Why Does CoreCivic Want a Detainee’s Death Report Kept Sealed?
Published on December 10, 2018By Robin Urevich
How a private prison company silenced the Georgia Bureau of Investigation from releasing details about an immigrant detainee’s death.
CoreCivic, which operates immigrant detention centers, warned a law-enforcement agency not to make its investigation into a detainee’s death public.
The Georgia Bureau of Investigation has refused to release the full results of its investigation into the apparent suicide of Efrain de la Rosa, an immigrant detainee at the Stewart Detention Center in Lumpkin, Georgia. The 40-year-old de la Rosa died July 10, 2018. In the past 19 months, three people have died at the prison, which an employee told federal inspectors was a ticking bomb because of safety issues.
The refusal marks an abrupt change by the GBI, whose director, Vernon Keenan, has been lauded for his agency’s transparency.
The 40-year-old De la Rosa, a Mexican citizen and longtime U.S. resident, is believed to have killed himself while in solitary confinement — and under circumstances similar to those of Jean Carlo Jimenez Joseph, a 27-year-old Panamanian who, like de la Rosa, suffered from mental illness, and hanged himself in an isolation cell. The GBI investigated both the Jimenez and de la Rosa cases, and released its full investigation of Jimenez’s case, but not of de la Rosa’s.
The GBI’s 2017 investigation into another detainee suicide revealed mismanagement at the Stewart Detention Center.
Ginny Davis, the GBI’s deputy director of the office of privacy and compliance, told Capital & Main that Stephen Curry, an attorney for CoreCivic, the private prison company that operates Stewart under contract with U.S. Immigration and Customs Enforcement, recently alerted her to a federal regulation which, he said, prohibits states and local governments from disclosing information about federal detainees.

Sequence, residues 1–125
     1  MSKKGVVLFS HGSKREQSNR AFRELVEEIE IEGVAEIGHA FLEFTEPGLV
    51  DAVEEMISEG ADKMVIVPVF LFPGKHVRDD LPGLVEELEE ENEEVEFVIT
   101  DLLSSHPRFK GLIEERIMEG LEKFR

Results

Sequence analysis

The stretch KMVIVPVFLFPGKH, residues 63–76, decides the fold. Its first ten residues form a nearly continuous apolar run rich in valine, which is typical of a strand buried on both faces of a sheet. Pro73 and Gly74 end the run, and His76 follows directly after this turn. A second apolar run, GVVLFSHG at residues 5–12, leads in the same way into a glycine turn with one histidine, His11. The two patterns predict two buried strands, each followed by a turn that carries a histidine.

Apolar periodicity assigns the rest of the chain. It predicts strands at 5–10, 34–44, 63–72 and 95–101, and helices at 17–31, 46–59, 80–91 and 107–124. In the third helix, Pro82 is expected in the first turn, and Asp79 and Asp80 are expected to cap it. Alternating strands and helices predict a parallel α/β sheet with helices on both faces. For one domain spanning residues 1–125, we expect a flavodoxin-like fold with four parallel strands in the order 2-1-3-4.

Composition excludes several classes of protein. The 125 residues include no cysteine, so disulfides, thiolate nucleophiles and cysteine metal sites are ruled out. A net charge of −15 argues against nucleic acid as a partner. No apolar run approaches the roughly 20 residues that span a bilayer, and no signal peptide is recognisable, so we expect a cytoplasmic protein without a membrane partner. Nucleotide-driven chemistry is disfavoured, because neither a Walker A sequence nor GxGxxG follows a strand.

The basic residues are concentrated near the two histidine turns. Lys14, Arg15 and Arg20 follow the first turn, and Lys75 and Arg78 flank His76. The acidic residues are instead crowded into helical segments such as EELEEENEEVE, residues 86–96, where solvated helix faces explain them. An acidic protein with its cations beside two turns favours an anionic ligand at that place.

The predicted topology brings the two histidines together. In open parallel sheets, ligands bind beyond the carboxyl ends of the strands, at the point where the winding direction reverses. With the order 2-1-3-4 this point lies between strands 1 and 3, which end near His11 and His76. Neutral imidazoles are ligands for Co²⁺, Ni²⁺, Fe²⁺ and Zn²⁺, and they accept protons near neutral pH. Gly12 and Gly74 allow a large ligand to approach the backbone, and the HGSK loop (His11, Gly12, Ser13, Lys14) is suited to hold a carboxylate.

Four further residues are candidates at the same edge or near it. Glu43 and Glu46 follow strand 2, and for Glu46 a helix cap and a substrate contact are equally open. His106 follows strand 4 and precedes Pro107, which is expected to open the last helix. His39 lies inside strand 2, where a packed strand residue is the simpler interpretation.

“He said you can’t disclose any of this under open records,” Davis said. “It was a warning letter.”
The GBI consulted with the Georgia attorney general’s office and decided against disclosure, Davis said. Curry, who represents CoreCivic, did not return a call for comment.
Azadeh Shahshahani, the legal and advocacy director of the civil rights group Project South, which is seeking the records said, “We find this attempt to shield the prison corporation from accountability extremely troubling and will be exploring our various legal options.”
Is a federal rule meant to protect an individual’s privacy rights being used to hide information about detainee fatalities?
The GBI’s 2017 investigation into Jimenez Joseph’s case revealed mismanagement at the Stewart facility. The guard assigned to check Jimenez’s cell at 30-minute intervals on the night of the detainee’s death was fired for falsifying logs to cover for his failure to do so. Records released in the investigation also revealed that Jimenez Joseph was being given insufficient doses of the psychotropic medication he’d been prescribed before his detention and that his many pleas for help with his mental health condition were ignored.